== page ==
Tapeworm is the name given to ribbon-like worms that can live in your guts and intestines. Dogs and cats often host dipylidium caninum, a common type of tapeworm. However, in some cases, humans can also suffer from this problem if they have contact with fleas that harbour the worm eggs. Doctors can treat this parasite with medication.

Lyme disease

Lyme disease, in most cases, begins with a tick bite. People suffering from this illness may see a circular rash appear around the location of the original bite within four weeks. Some people also have flu-like symptoms, such as headaches, muscular pain and tiredness. If diagnosed early, Lyme disease can almost always be cured through a course of antibiotics.


Humans can catch giardiasis from contact with soil, food, or water that has been contaminated with a Giardia parasite-infected animal’s faeces. Often, these animals will be young, such as puppies or kittens.

The illness causes diarrhoea, gas, stomach cramps and dehydration. People with this infection may have itchy skin and hives. Fortunately, several drugs can treat this infection. Seek medical help should you notice these signs.

Methicillin-resistant Staphylococcus aureus (MRSA)

Often called a “superbug,” methicillin-resistant Staphylococcus aureus (MRSA) is more often transmitted from human to pet and rarely the other way around. This illness has few or no symptoms at first. However, as it gets deeper into your skin, it can cause swelling, pain, and pus. If it gets further into your body, the infection can lead to a high temperature, chills, aches and pains, and confusion. Should you have any of these symptoms, speak to a doctor.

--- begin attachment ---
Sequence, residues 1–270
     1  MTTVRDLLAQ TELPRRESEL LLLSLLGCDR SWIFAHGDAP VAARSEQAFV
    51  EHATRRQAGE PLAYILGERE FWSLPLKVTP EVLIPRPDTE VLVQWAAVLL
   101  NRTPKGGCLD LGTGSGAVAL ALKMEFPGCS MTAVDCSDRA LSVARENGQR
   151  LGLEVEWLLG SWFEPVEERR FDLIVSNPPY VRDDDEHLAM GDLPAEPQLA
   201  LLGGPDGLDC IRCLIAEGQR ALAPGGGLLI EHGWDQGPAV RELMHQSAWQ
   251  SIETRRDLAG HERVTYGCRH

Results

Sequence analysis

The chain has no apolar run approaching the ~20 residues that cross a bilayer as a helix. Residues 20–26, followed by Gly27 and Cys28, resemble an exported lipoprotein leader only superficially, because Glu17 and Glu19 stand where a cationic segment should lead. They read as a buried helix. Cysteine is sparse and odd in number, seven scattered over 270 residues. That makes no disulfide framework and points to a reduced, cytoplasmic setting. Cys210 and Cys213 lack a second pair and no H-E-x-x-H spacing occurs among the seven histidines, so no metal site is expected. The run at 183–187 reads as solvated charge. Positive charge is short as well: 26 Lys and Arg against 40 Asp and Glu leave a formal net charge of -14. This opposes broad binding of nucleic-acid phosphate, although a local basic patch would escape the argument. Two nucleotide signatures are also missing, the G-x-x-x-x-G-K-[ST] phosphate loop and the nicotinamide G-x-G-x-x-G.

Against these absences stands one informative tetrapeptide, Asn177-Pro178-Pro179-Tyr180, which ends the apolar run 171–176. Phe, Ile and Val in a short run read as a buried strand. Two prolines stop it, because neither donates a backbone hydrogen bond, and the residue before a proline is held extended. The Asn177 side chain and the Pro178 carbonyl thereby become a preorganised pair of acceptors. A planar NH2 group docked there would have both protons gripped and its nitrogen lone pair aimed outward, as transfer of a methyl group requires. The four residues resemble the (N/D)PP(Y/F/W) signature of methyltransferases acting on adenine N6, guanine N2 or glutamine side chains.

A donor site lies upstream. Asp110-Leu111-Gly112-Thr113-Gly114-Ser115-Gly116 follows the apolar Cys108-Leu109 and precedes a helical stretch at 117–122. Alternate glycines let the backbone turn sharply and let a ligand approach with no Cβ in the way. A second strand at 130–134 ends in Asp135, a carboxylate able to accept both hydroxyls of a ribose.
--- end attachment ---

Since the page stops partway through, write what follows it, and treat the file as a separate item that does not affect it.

Rat-bite fever (RBF)

As the name suggests, rat-bite fever (RBF) is usually passed on from rodents, carrying either Streptobacillus moniliformis or Spirillum minus bacteria, to humans and can cause severe joint and muscular pains, vomiting, fevers and headaches.

If left untreated, this infection can lead to further issues, such as liver problems, and in extreme cases, become fatal. Don’t hesitate to contact your doctor if you believe you may have contracted RBF.

Streptococcus iniae

A major fish pathogen, Streptococcus iniae, may also be transmitted to humans. In 2009, the United States Centers for Disease Control and Prevention listed this as an emerging infectious disease. People may get infected with this pathogen when handling fish or cleaning out aquariums. There is a more severe risk if you have an open cut or wound while doing so.

Sarcoptic mange (Scabies)

Sarcoptic mange, also known as scabies, is a parasitic skin disease caused by mites. Pet dogs can get this disease from contact with other infected animals, and while your canine will not spread human scabies, the mites that infect them can also affect people. If you have long-lasting skin irritations after playing with your dogs, be mindful that it may be scabies, see a doctor to be safe.

How to reduce your chances of your pet making you sick:

●Wash your hands after playing with pets.

●Do not allow pets on the beds or couches.

●Do not kiss your pets.

●Don’t have a pet.